Sara Halterman decided to work in this field for very personal reasons. She brings those reasons with her in the work she does every day, which means it comes from a truly heart felt place within.
Sara’s son lives with autism. This allows her a unique perspective and also insight into how others with communication barriers express their feelings.
“I picture my son when I am working. How would I want him to be treated? Especially people who are nonverbal, because he is. Sometimes the people we serve may just want to relax instead of going out somewhere. My son, Dominic doesn’t like to go out a lot,” she said.
Sara was promoted to Direct Support Manager over Mosaic’s Croydon Group Home this July. She came to Mosaic from a different agency in 2012. Despite loving the work she was doing for the individuals in service through this other agency, she was not completely in agreement with the agency’s policies and procedures. A friend was working at Mosaic and suggested Sara apply.
“Everything about Mosaic is better than my last employer. The company really does care. I would have stayed at the other place but I did not agree with how the individuals were treated. I do not think they really cared for them as much as they said. Mosaic actually does what it says and cares. It’s a pretty awesome place to work. You can’t discount how your life changes when working with the individuals we serve. It’s really about them,” she said.
Sara’s first two years at Mosaic were spent as a floater. She moved between seven group homes and waiver sites, working where she was needed. As a floater she was able to become close to several people.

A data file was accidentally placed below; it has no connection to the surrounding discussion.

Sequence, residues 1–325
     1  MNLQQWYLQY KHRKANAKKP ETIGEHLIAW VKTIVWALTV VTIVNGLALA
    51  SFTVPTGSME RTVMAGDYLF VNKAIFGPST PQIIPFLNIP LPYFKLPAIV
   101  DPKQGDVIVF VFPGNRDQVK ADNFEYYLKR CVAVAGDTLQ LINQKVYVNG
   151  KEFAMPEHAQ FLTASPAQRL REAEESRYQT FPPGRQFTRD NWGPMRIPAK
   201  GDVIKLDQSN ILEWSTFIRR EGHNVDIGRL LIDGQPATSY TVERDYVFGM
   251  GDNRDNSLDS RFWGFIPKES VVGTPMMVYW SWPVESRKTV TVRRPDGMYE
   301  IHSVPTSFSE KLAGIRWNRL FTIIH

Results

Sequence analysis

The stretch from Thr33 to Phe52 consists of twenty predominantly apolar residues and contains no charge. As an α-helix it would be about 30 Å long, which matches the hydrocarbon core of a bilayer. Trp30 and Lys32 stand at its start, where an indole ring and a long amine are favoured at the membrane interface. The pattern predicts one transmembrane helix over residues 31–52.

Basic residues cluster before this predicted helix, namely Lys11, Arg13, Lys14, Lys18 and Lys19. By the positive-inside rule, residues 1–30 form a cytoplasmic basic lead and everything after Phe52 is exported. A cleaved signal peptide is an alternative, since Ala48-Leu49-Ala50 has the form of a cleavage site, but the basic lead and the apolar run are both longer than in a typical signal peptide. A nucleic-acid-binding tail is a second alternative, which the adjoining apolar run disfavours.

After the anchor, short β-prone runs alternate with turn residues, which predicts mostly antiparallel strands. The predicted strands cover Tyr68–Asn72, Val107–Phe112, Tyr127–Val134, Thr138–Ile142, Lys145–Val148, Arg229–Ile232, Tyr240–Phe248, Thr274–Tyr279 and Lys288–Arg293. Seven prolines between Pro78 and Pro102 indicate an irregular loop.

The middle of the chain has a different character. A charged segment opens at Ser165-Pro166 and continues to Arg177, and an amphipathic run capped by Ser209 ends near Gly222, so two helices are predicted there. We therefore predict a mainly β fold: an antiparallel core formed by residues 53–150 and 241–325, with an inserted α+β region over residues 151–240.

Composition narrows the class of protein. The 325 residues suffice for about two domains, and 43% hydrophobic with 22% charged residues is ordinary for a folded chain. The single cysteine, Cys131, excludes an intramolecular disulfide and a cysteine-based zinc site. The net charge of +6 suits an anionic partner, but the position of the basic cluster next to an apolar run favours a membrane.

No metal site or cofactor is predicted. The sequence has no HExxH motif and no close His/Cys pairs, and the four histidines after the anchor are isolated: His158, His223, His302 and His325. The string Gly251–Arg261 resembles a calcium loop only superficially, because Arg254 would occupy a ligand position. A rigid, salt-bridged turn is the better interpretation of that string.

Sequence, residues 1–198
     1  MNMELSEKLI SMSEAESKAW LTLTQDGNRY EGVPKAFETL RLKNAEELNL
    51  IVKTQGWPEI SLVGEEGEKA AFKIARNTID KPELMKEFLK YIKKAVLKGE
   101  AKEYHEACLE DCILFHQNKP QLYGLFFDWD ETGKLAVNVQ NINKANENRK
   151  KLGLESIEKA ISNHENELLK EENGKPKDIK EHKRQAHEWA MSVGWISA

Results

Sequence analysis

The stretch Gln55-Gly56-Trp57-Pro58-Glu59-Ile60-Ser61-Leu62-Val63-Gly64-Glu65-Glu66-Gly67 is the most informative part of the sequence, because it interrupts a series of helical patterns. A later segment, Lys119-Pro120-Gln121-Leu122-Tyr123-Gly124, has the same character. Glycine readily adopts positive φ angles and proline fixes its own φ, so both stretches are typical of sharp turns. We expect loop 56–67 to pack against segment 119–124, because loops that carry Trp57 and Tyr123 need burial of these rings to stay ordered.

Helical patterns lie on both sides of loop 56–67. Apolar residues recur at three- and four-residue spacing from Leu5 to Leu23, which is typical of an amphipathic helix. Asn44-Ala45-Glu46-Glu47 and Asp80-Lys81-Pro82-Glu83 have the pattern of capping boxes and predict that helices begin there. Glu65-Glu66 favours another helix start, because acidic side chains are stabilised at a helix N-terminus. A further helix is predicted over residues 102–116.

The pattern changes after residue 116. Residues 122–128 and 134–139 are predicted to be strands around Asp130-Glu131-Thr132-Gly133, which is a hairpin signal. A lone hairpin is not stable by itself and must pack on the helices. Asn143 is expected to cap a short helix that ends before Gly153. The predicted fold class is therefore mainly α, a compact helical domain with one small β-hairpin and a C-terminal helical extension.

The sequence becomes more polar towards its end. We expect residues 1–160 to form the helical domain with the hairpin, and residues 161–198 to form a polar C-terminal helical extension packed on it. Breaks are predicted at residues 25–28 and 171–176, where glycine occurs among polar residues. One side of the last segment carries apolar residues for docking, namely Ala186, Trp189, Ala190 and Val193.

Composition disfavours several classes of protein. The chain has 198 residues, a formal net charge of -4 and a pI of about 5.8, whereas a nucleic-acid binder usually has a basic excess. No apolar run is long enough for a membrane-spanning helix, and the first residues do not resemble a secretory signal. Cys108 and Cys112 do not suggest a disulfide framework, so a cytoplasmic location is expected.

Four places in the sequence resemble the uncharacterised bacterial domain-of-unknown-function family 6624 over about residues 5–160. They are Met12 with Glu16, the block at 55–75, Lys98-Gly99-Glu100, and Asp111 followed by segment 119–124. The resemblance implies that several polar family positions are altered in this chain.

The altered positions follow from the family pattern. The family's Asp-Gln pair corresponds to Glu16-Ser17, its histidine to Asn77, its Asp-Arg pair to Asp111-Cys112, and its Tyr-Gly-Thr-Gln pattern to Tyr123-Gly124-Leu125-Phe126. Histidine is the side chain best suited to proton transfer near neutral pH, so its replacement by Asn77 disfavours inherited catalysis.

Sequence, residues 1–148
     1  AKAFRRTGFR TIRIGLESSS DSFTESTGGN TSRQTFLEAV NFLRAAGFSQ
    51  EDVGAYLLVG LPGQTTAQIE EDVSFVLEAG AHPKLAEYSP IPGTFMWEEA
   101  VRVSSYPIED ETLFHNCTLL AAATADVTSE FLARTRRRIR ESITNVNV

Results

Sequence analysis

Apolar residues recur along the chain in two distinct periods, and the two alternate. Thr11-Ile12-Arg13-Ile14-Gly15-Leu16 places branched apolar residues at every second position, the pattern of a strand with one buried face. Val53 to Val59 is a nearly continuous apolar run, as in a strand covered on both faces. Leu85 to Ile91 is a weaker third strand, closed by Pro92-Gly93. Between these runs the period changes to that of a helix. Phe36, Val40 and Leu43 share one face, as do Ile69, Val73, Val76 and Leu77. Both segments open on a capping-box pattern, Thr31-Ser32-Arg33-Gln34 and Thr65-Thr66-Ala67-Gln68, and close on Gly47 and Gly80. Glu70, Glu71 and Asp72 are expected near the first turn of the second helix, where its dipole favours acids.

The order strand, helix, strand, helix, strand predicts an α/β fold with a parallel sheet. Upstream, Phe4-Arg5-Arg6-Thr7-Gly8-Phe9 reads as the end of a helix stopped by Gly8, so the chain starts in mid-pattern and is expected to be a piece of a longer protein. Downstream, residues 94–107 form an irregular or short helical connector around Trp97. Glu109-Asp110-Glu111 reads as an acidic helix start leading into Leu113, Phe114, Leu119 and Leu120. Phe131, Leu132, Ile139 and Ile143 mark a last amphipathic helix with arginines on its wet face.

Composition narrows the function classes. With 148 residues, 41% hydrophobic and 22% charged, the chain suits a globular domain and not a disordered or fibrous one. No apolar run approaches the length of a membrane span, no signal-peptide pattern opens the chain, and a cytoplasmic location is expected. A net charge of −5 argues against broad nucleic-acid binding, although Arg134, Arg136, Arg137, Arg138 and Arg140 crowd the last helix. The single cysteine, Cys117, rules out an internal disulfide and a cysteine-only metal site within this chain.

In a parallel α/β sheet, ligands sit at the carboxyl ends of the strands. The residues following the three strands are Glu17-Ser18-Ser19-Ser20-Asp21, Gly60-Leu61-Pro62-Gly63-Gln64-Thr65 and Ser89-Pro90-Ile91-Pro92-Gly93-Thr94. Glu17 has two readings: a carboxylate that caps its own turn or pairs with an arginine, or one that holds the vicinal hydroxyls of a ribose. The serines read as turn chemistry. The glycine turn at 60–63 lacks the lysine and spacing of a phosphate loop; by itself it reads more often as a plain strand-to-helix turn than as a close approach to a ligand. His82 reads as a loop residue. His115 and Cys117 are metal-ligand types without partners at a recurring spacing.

“I was the ‘Go To’ person. I was asked about becoming a manager but I liked my job. I wasn’t one hundred percent sure I wanted a promotion because I got to work with a lot of individuals. I was offered an interim position so I tried it. It actually freed me up a little to still visit the people I serve. I like that I can do that now. That makes me happy just like being a floater did. I still have that flexibility and can still see everybody,” Sara said.
Moving from experience as a mother, to working with other individuals with intellectual disabilities is not as easy as it sounds. Sara took that leap however and she has not regretted it.
“I like this line of work, I’ve always been big hearted and gotten along well with everyone. I’m good at picking up on moods and facial expressions. I want to give people the most positive experience in life. So I try to make sure they are happy. When a friend of mine said why don’t you work in this field? I wasn’t sure because it’s different with your own child. But I tried it and fell in love with the work. I really found my niche. I never dread going to work. I’m very thankful I actually enjoy the work I do. I enjoy seeing all of my people and their smiles. It makes the day better. One day I will have to sign my son up for services and I have no hesitation to sign him up with Mosaic.” Sara said.